The Pop Blog: How important is it for you to use your music as a platform for advocacy, and what topics are
you currently passionate about?
Pink Trash Project: If you listen to my music, it may sound like I’m always angry, and that’s the truth. I am a mental health advocate, and I know how it feels to have no one to talk to or have people constantly judging you just because you can’t explain what you think and feel.
My songs focus on things I can’t say because you’re afraid to be judged or misinterpreted. These are the words that go on your mind when alone or even when you’re with someone, but you’re out of the zone because you’re not okay.
Maybe the reason why I advocate mental health/mental awareness is because of the things I have been through. There are times that I felt no one would understand what the heck I’m going through, so I journal my feelings and add melodies, so suddenly it becomes a song.
I know the importance of having someone who understands you; that’s why I want to be that person whom people can say, “Oh, Ate Pink understands me and my sentiments.”
Our song Narcissism is an outcry of those who are in a relationship with narcissists. When you’re in one, you don’t get to tell anyone the truth because your main duty as a partner is to make them look good despite their negative traits. I hope that whoever is in the same situation as I was can walk away even if it’s hard. When people listen to this song, they can sing their hearts out – cry as much as they can – and feel comforted that somebody knows their struggle – that they are not alone. And maybe someday, they get the courage to walk away.
The Pop Blog: As an indie musician, you’ve likely faced various challenges in the music industry. What have been some of the most significant obstacles you’ve encountered, and how have you overcome them?
Pink Trash Project: Honestly, our main obstacle is the funding of the band–the production, recordings, practices, etc. Hahaha! We don’t have the budget to create MVs, do photoshoots, and sometimes, we even have to borrow money from each other for our band practices and fares. It’s so difficult to promote our music without a label that backs us up. We can’t just be invited to big shows because we don’t have someone with a lot of connections. But we usually get new listeners during our live shows, so if there are no shows, we get stagnant. We try to promote our music online, but it’s so hard too!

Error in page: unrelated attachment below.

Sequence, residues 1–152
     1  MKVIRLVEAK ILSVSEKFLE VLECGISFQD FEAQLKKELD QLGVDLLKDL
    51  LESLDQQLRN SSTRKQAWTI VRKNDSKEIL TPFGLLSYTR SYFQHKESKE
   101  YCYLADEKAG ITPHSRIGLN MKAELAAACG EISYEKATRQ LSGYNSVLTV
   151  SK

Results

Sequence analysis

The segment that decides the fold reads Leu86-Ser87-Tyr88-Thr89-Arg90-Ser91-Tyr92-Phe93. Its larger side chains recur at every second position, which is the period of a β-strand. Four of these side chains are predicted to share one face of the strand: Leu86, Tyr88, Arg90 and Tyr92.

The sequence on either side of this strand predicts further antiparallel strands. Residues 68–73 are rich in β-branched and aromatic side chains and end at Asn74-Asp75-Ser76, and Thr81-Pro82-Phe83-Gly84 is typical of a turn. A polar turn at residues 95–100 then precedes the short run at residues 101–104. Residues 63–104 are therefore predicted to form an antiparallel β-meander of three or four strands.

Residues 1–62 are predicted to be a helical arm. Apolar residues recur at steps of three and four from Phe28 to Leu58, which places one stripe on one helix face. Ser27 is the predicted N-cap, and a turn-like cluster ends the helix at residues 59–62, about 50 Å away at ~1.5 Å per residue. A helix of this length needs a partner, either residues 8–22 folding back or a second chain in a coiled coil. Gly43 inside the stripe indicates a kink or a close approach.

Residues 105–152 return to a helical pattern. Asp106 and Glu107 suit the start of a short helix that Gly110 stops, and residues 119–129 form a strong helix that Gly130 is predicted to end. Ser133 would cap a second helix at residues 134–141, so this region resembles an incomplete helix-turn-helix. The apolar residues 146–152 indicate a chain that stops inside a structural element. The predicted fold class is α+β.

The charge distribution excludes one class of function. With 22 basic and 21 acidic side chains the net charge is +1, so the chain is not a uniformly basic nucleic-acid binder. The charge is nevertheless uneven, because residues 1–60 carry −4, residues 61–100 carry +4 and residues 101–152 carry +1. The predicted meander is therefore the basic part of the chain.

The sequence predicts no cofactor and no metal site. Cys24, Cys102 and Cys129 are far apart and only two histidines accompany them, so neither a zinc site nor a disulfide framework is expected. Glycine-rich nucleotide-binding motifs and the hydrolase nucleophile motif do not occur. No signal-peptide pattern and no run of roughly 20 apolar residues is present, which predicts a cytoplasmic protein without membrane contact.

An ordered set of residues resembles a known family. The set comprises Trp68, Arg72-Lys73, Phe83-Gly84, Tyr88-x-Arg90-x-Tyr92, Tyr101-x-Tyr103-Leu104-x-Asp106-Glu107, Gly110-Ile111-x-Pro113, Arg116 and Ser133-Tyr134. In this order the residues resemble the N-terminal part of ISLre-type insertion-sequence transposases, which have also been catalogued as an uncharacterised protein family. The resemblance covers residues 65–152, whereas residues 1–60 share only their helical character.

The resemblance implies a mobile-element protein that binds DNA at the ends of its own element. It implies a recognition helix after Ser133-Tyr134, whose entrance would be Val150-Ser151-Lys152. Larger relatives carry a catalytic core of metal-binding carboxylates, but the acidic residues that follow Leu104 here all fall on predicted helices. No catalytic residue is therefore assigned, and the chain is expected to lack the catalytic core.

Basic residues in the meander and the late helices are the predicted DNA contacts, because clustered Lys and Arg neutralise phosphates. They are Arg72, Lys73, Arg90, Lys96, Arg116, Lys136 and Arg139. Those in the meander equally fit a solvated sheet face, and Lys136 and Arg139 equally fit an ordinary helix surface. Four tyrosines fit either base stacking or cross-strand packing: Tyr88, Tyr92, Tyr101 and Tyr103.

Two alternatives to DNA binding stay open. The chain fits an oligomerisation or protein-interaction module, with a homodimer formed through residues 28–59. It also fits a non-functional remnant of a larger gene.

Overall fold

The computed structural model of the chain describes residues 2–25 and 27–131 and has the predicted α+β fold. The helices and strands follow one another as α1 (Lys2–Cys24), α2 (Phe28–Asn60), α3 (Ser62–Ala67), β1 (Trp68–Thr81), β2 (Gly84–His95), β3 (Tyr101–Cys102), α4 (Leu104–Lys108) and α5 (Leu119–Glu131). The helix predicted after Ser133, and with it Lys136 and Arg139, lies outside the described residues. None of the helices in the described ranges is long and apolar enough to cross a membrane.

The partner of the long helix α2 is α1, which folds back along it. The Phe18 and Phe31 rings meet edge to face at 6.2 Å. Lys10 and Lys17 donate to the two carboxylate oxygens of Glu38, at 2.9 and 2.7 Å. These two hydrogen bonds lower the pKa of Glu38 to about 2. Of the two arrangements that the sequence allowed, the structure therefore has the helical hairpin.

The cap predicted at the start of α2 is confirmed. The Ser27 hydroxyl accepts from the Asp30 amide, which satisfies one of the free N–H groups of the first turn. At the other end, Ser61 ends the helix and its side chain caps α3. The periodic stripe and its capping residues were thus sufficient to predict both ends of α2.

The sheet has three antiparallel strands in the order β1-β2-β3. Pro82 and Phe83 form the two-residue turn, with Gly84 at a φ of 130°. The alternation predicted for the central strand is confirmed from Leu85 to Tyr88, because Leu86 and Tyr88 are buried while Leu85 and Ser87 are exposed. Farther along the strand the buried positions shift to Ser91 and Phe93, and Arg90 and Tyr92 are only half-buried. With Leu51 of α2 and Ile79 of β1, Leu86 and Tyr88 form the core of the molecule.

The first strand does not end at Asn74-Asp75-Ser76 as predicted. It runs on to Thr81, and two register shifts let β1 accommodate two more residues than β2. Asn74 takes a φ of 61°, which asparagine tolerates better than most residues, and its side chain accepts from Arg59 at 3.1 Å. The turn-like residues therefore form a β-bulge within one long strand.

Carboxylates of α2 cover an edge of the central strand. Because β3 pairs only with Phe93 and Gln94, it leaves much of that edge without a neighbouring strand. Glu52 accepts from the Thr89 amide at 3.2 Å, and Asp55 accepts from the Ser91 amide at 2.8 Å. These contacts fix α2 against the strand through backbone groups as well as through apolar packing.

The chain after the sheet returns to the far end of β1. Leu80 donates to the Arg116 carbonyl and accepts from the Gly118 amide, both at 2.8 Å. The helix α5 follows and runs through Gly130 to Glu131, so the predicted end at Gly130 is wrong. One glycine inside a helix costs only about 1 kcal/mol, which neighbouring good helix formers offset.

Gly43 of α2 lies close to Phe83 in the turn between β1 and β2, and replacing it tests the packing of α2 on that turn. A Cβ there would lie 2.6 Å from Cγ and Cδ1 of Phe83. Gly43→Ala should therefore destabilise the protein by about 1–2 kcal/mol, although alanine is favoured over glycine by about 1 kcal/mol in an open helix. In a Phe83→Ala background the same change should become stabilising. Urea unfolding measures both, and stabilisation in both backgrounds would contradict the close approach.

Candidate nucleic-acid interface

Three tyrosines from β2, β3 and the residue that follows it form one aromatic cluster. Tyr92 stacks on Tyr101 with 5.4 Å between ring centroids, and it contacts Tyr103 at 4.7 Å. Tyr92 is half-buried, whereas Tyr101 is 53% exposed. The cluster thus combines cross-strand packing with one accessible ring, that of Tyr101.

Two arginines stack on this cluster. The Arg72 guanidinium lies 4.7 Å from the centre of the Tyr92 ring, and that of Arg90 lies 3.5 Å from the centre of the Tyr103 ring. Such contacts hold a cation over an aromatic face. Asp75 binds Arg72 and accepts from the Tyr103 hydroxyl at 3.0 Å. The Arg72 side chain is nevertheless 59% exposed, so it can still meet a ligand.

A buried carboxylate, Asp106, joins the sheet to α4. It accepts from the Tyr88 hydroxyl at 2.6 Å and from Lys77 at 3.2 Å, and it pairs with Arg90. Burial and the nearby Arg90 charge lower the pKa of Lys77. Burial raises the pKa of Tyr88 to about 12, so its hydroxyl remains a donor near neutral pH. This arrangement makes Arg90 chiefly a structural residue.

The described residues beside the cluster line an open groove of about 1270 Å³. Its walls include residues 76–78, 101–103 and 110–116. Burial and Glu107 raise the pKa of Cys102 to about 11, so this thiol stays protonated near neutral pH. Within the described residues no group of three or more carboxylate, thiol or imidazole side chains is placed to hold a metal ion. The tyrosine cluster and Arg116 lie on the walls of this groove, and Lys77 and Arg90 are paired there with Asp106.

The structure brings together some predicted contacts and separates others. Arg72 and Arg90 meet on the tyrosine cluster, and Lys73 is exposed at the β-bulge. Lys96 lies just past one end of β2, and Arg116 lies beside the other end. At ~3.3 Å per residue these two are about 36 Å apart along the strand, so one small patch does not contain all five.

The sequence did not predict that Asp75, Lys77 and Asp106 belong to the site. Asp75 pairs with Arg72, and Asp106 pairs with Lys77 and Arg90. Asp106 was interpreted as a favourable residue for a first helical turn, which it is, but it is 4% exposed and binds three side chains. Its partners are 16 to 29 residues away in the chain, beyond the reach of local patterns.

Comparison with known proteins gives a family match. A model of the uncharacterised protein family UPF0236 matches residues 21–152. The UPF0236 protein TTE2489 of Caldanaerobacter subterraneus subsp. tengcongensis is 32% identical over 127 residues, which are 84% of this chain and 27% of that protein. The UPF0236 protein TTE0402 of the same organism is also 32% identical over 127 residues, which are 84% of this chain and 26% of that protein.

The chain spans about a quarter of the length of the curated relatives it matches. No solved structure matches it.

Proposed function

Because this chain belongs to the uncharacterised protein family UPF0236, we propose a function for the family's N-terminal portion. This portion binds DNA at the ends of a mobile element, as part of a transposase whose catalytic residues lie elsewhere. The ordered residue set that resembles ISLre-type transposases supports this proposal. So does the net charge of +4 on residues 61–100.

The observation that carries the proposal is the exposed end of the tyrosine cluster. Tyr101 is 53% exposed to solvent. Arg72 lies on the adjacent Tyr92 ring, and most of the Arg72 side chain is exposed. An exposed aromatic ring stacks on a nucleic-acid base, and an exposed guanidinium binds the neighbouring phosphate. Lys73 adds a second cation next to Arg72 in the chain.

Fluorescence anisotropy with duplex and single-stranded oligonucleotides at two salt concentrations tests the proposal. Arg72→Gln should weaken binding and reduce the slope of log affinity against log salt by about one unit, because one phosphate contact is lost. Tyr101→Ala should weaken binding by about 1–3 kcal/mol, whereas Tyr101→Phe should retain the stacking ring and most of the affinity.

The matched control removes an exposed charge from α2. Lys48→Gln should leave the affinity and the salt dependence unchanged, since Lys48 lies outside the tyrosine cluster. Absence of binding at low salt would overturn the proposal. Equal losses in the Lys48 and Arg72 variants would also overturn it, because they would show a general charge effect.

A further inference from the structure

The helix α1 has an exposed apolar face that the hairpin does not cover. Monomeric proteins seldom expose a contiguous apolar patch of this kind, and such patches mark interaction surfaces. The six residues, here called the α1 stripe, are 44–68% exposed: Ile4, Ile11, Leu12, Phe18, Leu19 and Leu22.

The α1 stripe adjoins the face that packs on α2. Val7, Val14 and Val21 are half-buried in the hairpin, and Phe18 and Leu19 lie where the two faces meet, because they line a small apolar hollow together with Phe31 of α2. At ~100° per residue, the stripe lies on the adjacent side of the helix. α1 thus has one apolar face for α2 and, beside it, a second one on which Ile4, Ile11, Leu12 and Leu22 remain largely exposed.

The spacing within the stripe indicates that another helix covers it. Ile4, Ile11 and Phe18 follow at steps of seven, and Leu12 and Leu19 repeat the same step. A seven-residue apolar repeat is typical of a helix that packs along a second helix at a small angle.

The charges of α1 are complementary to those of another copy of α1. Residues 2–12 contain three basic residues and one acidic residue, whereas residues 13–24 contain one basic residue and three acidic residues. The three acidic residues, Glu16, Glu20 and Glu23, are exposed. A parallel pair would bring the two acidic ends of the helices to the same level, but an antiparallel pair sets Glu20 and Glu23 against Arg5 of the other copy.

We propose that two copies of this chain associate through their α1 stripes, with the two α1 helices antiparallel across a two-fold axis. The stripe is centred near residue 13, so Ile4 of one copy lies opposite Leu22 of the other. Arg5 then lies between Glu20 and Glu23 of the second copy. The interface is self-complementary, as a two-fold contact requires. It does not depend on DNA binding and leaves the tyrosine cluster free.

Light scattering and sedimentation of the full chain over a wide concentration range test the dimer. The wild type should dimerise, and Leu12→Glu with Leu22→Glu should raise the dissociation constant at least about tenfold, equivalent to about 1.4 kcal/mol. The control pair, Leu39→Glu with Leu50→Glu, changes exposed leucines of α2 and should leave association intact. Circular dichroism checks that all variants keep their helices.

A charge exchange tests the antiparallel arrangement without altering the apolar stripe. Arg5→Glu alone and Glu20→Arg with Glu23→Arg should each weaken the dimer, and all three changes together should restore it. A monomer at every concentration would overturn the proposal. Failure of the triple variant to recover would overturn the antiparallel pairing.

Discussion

I admire musicians who are content creators – that’s why I create shows for us because that’s what I know, and since we don’t have the funds, I take care of it. I don’t ask my bandmates to share, and it’s so heavy because honestly, I’m not rich.
For example, the Pink Trash Party I organized. The only reason I got a rad line up is because they’re our friends and wanted to help! To promote it, I tapped a lot of media partners to get the word out there. We asked friends to be our production team and designed the place on our own. We also shared food and drinks because we didn’t have enough funds. It was so hard, but it worked out well and the show was a success. Because of this, they call me the super-independent musician! Hahahaha!
The Pop Blog: Are you open to signing up for a major record label or do you wanna keep it indie (like also joining an indie record label)?
Pink Trash Project: I didn’t want to initially because I work in a related field. I know the business side of things, but when things were getting serious with Pink Trash Project–we’re getting heard, going somewhere–we talked about it, and I said, yeah, we can try a mainstream label ‘coz it’s been hard being independent.
My bandmates are super talented, and they deserve to get their talents out there–performing in big stages, shooting MVs with budgets! But we hope to sign up with a right and fair management and label.
The Pop Blog: We’re eager to know about your future projects. Can you give us a sneak peek into what’s
next for Pink Trash Project in terms of music releases and upcoming performances?
Pink Trash Project: We’re currently in the process of making an album or EP, and we’re not sure yet, honestly, but a new MV is coming up next year that we’d share with you all once it’s out.
We’re also planning to go on tour while completing the album, so wish us luck! No full details yet because we got so busy with the Pink Trash Party, hahaha!
The Pop Blog: Are there any artists or bands you dream of working with in the future, and why?
Pink Trash Project: For the longest time, we’ve been thinking about this because we want to collaborate with a lot of artists. However, when we think of our musical style, I think it jives more with Dilaw, Zild, and One Click Straight!
They’re our friends, so we never know. Maybe we’ll collab with them when we make it big! Haha. TPB